Adaptogens are more than just antioxidants
When you learn from the literature separately from the effects of various adaptogens, you will often encounter a large number of publications devoted to the antioxidant effect. Here I would like to tell you that you have to take a few reserves of this publication. Adaptogen researchers are also just people and have some habitual habits, one of which is that they pay too much attention to antioxidant effects and often mix adaptogenic and antioxidant effects. Why is that so? This is due both to the antioxidant fashion, by the simplicity of measuring the antioxidant effect. These are, on the one hand, experiments focused on the direct antioxidant index of the herb, the second attempts measuring the cytoprotective effect. For example, in vitro tissue culture is exposed to oxidative stress, herbal extract is added, and its effect is compared with known antioxidants. And if it is discovered that the herb protects the cells from death, they are talking about the antioxidant effect. This inaccuracy is silent in scientific herbal magazines, but professional advocates need to realize that adaptogens mostly protect cells from being different than direct uptake of reactive oxygen and radicals .
For example, ginseng , whose direct antioxidant effect is below average, still has hundreds of publications ( Medline more than 300) about "antioxidant properties of ginseng" (see Huong1998vaa , Xie2006aeg , Xiang2008cau , Liao2002neg and others). What do they mean? It means, probably, its indirect effects that mimic the antioxidant effect:
- According to Ramesh2012pgr, ginseng protects against lipid oxidation and aging by indirectly by increasing the activity of natural antioxidant systems (superoxide dismutase, catalase, glutathione and its serving enzymes, vitamin C and E).
- Hundreds of publications document the ability of ginseng to protect oxidized cell damage from controlled cell death (apoptosis), which imitates the antioxidant effect. For this reason, ginseng is an effective anti-aging agent and a highly effective anti-radiation agent, which was already noticed by radiologist Morio Yonezawa ( Yonezawa1976rri , Yonezawa1981rri , Yonezawa1985rri ) in the 1980s.
- Ginseng (and other adaptogens) act against inflammation, so that the affected organ (such as heart or stroke after stroke) does not produce an oxidative environment that otherwise would otherwise arise from an alarming immune cell response. Thus ginseng protects the heart and nerve cells without directly acting antioxidant.
- Likewise, after gentle alcohol consumption, ginseng calms the immune cells in the brain (called microglia ), treats the hangover and prevents the loss of brain cells. In other words, ginseng has a neuroprotective effect at the chemical load of the brain without directly acting antioxidant.
- Ginseng often talks about the protection of the vascular endothelium from oxidative damage (see eg Kwok2010gpp ) that one would think that ginseng is an antioxidant. However, this is also an indirect effect. (Note: The vascular endothelium is an internal vestibular vessel whose oxidative damage leads to atherosclerosis .)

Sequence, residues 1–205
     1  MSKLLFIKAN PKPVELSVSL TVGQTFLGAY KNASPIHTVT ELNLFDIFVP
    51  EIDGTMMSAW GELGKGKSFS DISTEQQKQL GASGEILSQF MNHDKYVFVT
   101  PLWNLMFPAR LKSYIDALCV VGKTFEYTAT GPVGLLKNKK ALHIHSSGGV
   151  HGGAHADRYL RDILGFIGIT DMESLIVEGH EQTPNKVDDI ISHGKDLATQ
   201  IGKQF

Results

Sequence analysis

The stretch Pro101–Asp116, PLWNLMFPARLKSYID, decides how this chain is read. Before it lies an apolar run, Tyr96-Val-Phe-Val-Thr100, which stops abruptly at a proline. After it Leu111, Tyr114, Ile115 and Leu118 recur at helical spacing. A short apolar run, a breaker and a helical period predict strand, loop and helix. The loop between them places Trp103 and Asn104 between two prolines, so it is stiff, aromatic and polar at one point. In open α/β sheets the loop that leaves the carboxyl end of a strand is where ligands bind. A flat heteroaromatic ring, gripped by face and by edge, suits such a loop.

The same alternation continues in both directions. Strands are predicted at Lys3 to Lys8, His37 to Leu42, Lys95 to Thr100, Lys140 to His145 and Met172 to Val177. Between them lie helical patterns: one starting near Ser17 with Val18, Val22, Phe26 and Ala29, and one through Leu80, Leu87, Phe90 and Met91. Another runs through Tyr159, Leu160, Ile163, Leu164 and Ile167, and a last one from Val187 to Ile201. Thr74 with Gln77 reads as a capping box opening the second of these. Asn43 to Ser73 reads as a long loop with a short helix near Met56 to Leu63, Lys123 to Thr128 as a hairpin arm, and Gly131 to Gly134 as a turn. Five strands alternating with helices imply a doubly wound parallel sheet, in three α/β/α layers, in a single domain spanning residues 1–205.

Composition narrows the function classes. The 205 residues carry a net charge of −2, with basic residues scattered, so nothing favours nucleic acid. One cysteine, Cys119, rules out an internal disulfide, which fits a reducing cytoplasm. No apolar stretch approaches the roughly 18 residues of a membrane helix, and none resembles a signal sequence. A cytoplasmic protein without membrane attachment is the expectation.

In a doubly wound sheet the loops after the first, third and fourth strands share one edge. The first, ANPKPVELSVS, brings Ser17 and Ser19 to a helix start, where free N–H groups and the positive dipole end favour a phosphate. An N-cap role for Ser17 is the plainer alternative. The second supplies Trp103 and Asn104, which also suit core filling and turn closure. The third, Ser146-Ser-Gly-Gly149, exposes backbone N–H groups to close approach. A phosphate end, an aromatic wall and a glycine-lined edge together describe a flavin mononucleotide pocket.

The direct antioxidant effect - as I have already said - ginseng does not stand out. For example, ginsenoside saponin ginsenoside Rb 1 directly absorbs hydroxyl radicals ( Lu2012grd ), but this effect is far from achieving the strengths of conventional antioxidant vitamins C and E.
Chinese Squirrel - Typical antioxidant adaptogen
The antioxidant effects of LBP ( Li2007elb ) and flavonoids ( Le2007iqa ) extracted from goji fruit have been demonstrated in vitro and in model organisms. The mechanism of action is similar for both groups - reductive functions, chelation of metal ions and free radicals. Betaine may also be involved in the overall antioxidant effect ( Ren1995pal ) However, more attention is paid to LBP. The LBP extract has been shown to have protective effects on heat damaged rat testicles in vivo and testicular mouse cells in vitro damaged by H 2 O 2 . ( Luo2006lbp ) Rabbits with high-cholesterol-fed foods lowered the blood triacylglycerol content after LBP administration, improved HDL to total cholesterol and oxidative stress indicators ( Ma2005elb ). A study with similar results was also performed on mice fed a high fat meal ( Ming2009elb ). Diabetic mice significantly reduced plasma cholesterol, insulin and glucose levels after LBP administration, while oxidative damage and streptozotocin-induced DNA alteration were less than when the LBP was not administered to mice ( W2006elb ) ( Li2007pel ) ( Zhao2005elb ).
Antioxidant effects are common in adaptogens
Compiling a complete list of adaptogens with antioxidant effects would not be easy or desirable because they are common in the plant (fungal, animal ...) realms. As a further example, I mention the highly effective polyphenol antioxidant curcumin ( Ak2008ars ) of the long-eared turmeric , salidroside from the pink rosette ( Yang2016sao ) and the antioxidant Polyphenol of the Baikal Shihak ( Shang2010gse , Waisundara2008sbe ), not to mention the tea-tree. The strong miraculous antioxidant effects are the entire miraculous family of Solanaceae with a scallop, vitania, mochis, paprika and tomatoes, a miraculous family of Lamiaceae with shag, oregano, sage and other genera, and countless other miraculous plant and mushroom taxa, including miraculous glossy glossy fungi ( Mohsin2011daa ) .